In a World Where a 31 Year Old Woman Talks in the Movie Preview Guy’s Voice

Can I do this? Ok.  Day one.  Tap tap tap microphone.  Cough Cough audience.  Is this thing on? Take my wife, please.  Alright, alright enough lame “I’m nervous about writing again” riffing.  Let’s get down to business.

I have no idea where I thought I was going to begin hours and hours ago when I imagined this return to writing.  At nine a.m. today I sort of promised my therapist, but more myself, that I would stay up one extra hour every night and I would use that hour for writing only.  Writing is different from design, I said.  I was  laying out the rules so the referees know what to do when the inevitable battle between demon and higher spirit arises.  Likewise, I don’t want to be loosely journal-ing in blog format and call that writing… At least not for too long.  A little leeway is OK.

I am beginning the legal battle of my lifetime and because of that I wound up searching “Narcissus” on Wikipedia.  (That’s a roundabout telling of the mental steps, but sometimes vagaries are so poetic and details so unimportant.)  The way the wiki writer put it was this, “He was exceptionally proud, in that he disdained those who loved him.”

Can I just interrupt myself for moment?  It feels silly, strange, too much, to me to write and have so many uses of the word “I.”  It makes me uncomfortable.  I noticed this awhile back and so I began journal-ing in the third person.  It was liberating! I’m going to do that now because I need some liberating.

She needed to feel liberated, so she just went on ahead and did what she wanted.

“He was exceptionally proud, in that he disdained those who loved him.”   She read those words and was struck.  Coming out of denial, if one is tough enough to do so, brings a lot of striking realizations.  She felt silly at times saying so often: “it struck me.”  She felt she must be black and blue in the world of metaphor from all these blows of opening up her eyes and heart to the voice of her gut once more.  Her gut seemed to have been telling her all along and now, as she began to rehash these stories for “impartial” and highly paid third parties, she felt stupid, sometimes, for not seeing the big picture sooner.  The more she had tried to love him, the more he had fought with her.  The more she opened up her activities, her date book, the minutiae of her thoughts and motives to him, to prove her love to him, the more he pushed her back.  She thought of it now and felt laughter.  As in “Aha! I was getting in the way of his reflection.”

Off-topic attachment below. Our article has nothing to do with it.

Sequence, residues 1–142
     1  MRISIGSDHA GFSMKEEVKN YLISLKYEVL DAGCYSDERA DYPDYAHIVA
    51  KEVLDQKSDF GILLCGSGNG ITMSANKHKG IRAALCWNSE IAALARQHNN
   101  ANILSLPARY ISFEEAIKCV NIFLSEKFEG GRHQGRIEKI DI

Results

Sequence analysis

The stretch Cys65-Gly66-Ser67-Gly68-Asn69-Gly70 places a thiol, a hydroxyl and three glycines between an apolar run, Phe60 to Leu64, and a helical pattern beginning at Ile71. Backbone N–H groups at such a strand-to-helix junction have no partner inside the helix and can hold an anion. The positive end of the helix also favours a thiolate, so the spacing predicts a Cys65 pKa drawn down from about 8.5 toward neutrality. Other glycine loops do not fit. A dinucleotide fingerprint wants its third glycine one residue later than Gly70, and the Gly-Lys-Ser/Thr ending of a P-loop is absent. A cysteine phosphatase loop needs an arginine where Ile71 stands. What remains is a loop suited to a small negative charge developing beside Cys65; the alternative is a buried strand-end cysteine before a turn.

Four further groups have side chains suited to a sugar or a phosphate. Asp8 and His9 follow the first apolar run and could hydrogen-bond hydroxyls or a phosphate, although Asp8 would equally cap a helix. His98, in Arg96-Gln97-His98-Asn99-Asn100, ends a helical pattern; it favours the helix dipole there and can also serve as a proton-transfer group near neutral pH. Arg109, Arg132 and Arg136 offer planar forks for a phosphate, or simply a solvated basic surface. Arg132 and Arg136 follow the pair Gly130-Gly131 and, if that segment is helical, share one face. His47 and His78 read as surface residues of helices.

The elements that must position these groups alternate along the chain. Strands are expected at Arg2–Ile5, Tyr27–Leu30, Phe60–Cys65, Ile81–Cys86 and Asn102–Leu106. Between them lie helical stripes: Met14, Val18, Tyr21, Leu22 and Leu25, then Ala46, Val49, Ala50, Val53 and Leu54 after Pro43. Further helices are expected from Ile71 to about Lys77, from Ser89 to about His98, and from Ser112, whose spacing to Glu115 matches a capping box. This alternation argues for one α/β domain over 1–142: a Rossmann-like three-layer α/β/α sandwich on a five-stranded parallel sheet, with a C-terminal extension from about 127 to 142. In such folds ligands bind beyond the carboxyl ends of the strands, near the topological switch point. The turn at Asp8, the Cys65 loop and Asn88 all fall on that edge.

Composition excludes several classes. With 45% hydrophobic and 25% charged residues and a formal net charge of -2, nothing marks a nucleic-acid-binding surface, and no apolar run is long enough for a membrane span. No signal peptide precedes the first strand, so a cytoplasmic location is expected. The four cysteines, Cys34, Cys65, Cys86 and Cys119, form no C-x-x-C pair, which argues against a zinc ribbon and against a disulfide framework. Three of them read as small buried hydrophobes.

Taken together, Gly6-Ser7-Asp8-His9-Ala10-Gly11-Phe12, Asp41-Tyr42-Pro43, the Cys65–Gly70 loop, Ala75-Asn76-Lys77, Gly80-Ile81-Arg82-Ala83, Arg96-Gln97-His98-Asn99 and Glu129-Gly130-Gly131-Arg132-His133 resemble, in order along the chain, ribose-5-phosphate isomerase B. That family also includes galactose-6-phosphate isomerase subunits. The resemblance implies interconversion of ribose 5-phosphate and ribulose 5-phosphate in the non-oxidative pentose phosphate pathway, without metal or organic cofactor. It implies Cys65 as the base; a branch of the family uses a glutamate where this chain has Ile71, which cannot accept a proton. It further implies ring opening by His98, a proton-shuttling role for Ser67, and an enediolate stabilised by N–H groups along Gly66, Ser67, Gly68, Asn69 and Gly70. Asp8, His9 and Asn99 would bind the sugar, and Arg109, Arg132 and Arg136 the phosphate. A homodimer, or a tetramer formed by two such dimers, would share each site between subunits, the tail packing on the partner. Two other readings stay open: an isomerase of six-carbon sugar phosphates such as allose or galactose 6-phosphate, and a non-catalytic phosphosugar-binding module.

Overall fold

But living with someone who is mentally ill and abusive because of it isn’t funny.

To escape the physical realm of it she had taken an epic car journey at 37 weeks of pregnancy.  She had been the sole navigator and operator of the vehicle.  Her mother rode shotgun.  Her mom was great moral support and she provided snacks for the front seat as well as for the 23 month old in the back.  When the cat occasionally had piped up with her thoughts on being locked in a travel carrier every day for eight hours a day her mother had provided comic relief by wryly saying, “another party heard from.”  The memories of the car trip were a source of sardonic amusement for the girl and her mother now.

Occasionally the girl would say, “Hey, remember that time we drove cross country and I was nine months pregnant and we had a u-haul and a toddler and a cat?”  and her mother would smile and they would chuckle.  As if they could ever forget.  It was one of those turning points in life when you know as it’s happening: Every thing is going to be different now.

As they had approached the Washington Oregon border on that first day on the road the girl had had a panic attack.  Earlier in the morning she’d had a normal pregnancy-phlegm induced coughing stint, but had also sneezed at the same time and, well, she then thought she’d gone into labor.  For a second she panicked.  She then got very serious and told her mother not to ask her any questions, just to be on high alert.   Eventually the girl decided they had to stop at the ER to check for signs of active labor.  That day was terribly un-funny for them all.  But now the girl’s daughter was two months old and they had been safe in the new version of the  family home for nearly three months.  It was still not a funny thing to remember, but she could smile.

The girl was occasionally told she was seen as brave.  Earlier that day her therapist told her she was inspirational.  She felt proud of that.  She knew it was something she wanted to be in the world.  And that pride made her want to shy away.  It seems like narcissism all over again.  To hate the ones who love you.  She vowed daily not to do these things.  She reminded herself regularly that she was not giving her best away to “no damn demons.”  Her gut, where her strength lay, seemed to always have had the accent or voice of a Southern Black woman.  She didn’t mind admitting this anymore, to herself or anyone else.  She was ready to embody all that she was.  She was ready to quote Wayne’s World or any other kooky freely associated point she might want to make.  She was ready to stay mad when she damn well aught to.  And she was ready to keep her eyes on the person telling her she was an inspiration.  Do not look away, she urged herself.  You earned this stuff and you are blessed by these words and this will of strength.  She said thank you to her therapist for saying she was inspirational.  She admitted that she wanted her writing to be too.  She gracefully said then, and this was the thing she was most proud of later, she said simply, “I feel silly.”  All that conflict within over accepting praise or looking someone in the eye or holding up her chin… And why?

It was simpler to admit, “I feel silly” smiling at you as you tell me I am something I want to be.


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